Mr. Semmens is an economist for the Laissez Faire Institute in Chandler, Arizona.
Many states that have passed mandatory seat belt-use laws have required that evidence of the law’s effectiveness be produced for the law to escape automatic expiration. A recently published report—“Arizona Hospital Costs for Seat Belt Use vs. Non-Use 1989, 1990,1991"—from the Governor’s Office of Highway Safety purports to be the needed evidence for the extension of Arizona’s seat belt law. Unfortunately, these kinds of reports have neither asked nor answered the right questions.
Proving that people suffer more severe and expensive injuries when they’re not wearing seat belts belabors the obvious. No credible opponent of seat belt laws has disputed that seat belts can save wearers from death and injury. To present statistics that never were in doubt as the long-awaited evidence fails to deal with the unresolved issue of whether requiring seat belt use is good public policy.
Critics of seat belt laws have contended that they alter driver behavior in ways that increase the hazards for other users of the streets and highways. In particular, some drivers wearing seat belts may feel more assured of surviving an accident, and hence tend to drive more aggressively, thus raising the risk of collisions with other vehicles and pedestrians.
In the early 1970s, a few challenges to the presumed safety benefits of increased auto safety regulations appeared in lightly read academic journals. In a 1970 issue of Applied Economics, L. B. Lave and W. W. Weber suggested that mandated safety devices (seat belts, better bumpers, collapsible steering wheels) might lead to faster driving that could offset the safety gains. In 1975, Sam Peltzman’s “The Effects of Automobile Safety Regulations” in the Journal of Political Economy hypothesized that safer autos would lead to more aggressive driving that would endanger other users of the roads.
This earlier research has been mostly ignored or dismissed in favor of adherence to more simplistic research that, unsurprisingly, proves that crash-test dummies suffer more damage without safety devices. Crash-test dummies, of course, cannot have their driving behavior altered by a perception of greater crash survivability. Consequently, the research with dummies doesn’t refute the hypothesis that driver behavior might be changed and thus negate or reduce some of the anticipated safety gains.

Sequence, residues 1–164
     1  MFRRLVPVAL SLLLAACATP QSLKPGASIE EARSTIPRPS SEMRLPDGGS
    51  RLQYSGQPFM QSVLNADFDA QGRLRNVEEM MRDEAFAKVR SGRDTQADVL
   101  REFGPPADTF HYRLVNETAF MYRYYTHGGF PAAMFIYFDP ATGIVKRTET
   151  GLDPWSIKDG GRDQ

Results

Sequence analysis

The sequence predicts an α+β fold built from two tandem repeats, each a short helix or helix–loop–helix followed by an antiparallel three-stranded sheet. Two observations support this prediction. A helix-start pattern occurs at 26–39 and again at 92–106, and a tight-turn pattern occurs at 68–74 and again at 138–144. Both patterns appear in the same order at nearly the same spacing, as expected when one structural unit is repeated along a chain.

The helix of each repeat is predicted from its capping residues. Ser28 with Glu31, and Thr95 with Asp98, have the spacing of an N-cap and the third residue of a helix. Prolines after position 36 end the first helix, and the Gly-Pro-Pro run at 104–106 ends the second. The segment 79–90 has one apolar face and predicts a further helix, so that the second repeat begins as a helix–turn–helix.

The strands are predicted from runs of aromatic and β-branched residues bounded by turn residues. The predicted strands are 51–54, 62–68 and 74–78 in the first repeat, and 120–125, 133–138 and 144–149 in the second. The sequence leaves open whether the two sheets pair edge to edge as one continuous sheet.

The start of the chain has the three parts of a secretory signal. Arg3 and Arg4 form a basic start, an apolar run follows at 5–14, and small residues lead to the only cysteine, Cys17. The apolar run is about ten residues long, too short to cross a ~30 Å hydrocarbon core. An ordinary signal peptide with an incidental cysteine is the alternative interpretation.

The plausibility of the aggressive driver hypothesis cries out for more research. For example, Hawaii, the state with the most rigorously enforced seat belt law and the highest compliance rate in the nation, has experienced an increase in traffic fatalities and fatality rates since its law went into effect in December 1985.
This is not to say that the seat belts are killing vehicle occupants. Clearly, enough crash-test dummies have smashed into enough auto windshields and dashboards to convince all but the most obstinate that wearing a seat belt is probably a good idea. What, then, is going on in Hawaii? Well, we don’t know. But the data do not support a smug assurance that forcing people to wear seat belts is without potential undesirable outcomes.
A recent statistical study of states with and without seat belt laws was undertaken by Professor Christopher Garbacz of the University of Missouri-Rolla. This study seems to support the altered driver behavior hypothesis. Dr. Garbacz found that states with seat belt laws saw decreases in traffic fatalities for those covered by the laws (typically drivers and front-seat passengers), but increases in fatalities for rear-seat passengers, cyclists, and pedestrians. Further, the patterns of changes in total traffic fatalities among the states showed no consistent relationship with the existence of a seat belt law in the state.
This suggests a significantly less optimistic interpretation of the impact of seat belt laws than the prevailing orthodoxy would allow. Forcing unwilling motorists to wear seat belts may save their lives and reduce theft injuries. Disconcertingly, though, seat belt laws appear to be increasing the hazards for other users of the roads.
Deciding whether this apparent shift in risk is an acceptable cost of a seat belt law is a far different proposition from pretending that there is no significant cost. Policy-makers may be satisfied that the benefits of a seat belt law outweigh the costs. However, a humane public policy demands that those who may ultimately pay the costs be warned of the potential increased risks they face on the streets and highways. To do less is to endanger some of the least protected users of our roads.